However, such a concept is very ungrateful for the artist, because you have to bring together musicians from different sides of the local musical spectrum – jazz players, blues players, pop singers etc. and to put the pieces of different music into a meaningful and complete whole, preserving the integrity of the author at the same time. How successful wasMilanin doing all this?

The value of his work should be judged on the basis of what is realistic to expect. If we start nitpicking, we can easily say that there are no impressive solos or harmonies that will move us from a chair; even a brief Vasil’s solo in “Autumn inLondon” seems refreshing to fans of good performance. On the other hand, blues and funk moments lost edge under predominant pop form, so instead of naked soul, we get stylish takes packed in precise production and arrangements.

 

 

So, which achievements are we talking about? The answer to this question should be sought in the beginning of the text: Milan Petrovic, with his personality and work, is some kind of missionary who will open the world of interesting instrumental / improvisation music to the fans of pop, rock and world music. Thus, his approach to work – at least on this album – imposes an imperative to create hits, songs which can be sung, striking central themes and compact arrangement with radio potential.Milansucceeds in all this several times. Target hit “Orient Express”, with Wikluh Sky (Serbian famous rapper), is seesaw blues form with skilled schedule of singing, basic lines and instrumental details, while the single “Amsterdam Central Station” leaves us to warm, neutral chorus that could pass as music for commercials.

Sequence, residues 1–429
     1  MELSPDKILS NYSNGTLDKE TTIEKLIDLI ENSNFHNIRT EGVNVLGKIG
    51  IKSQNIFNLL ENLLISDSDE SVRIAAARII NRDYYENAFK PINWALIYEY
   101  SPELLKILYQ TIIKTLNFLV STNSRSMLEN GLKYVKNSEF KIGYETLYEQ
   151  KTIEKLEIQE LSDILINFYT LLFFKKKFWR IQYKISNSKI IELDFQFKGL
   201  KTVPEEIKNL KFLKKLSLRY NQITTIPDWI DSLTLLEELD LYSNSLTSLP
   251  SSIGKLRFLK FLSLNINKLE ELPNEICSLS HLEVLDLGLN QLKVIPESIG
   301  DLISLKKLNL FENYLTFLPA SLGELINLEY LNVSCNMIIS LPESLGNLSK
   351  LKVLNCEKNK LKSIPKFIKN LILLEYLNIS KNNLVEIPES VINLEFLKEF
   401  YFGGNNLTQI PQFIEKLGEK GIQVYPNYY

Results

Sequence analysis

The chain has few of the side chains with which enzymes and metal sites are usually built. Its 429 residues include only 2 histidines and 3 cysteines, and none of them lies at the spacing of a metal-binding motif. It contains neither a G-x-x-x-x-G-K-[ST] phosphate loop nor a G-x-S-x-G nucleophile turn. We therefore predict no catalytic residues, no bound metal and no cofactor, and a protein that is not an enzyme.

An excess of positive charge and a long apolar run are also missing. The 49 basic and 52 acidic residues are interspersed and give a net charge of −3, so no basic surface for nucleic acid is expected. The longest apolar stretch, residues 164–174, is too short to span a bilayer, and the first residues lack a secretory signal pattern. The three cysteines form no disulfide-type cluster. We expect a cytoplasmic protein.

In my opinion, Petrovic is at his best when he succeeds to bridle rhythm section and put the brass up to the foreground. The best track on the album is “Belgrade Funky Time”, which is associated with pleasant music from the legendary Serbian film “Otpisani”; “Jam in Rome”, “Nuits soul la Tour Eiffel” and “Afroman in New York” are very good as well. The most successful flirting with blues is achieved thanks to the members of the Raw Hide blues band in theme “Memphis Blues Nights” – charming and precise strikes on the keyboard, playful harmonica, beautiful theme; everything is in place.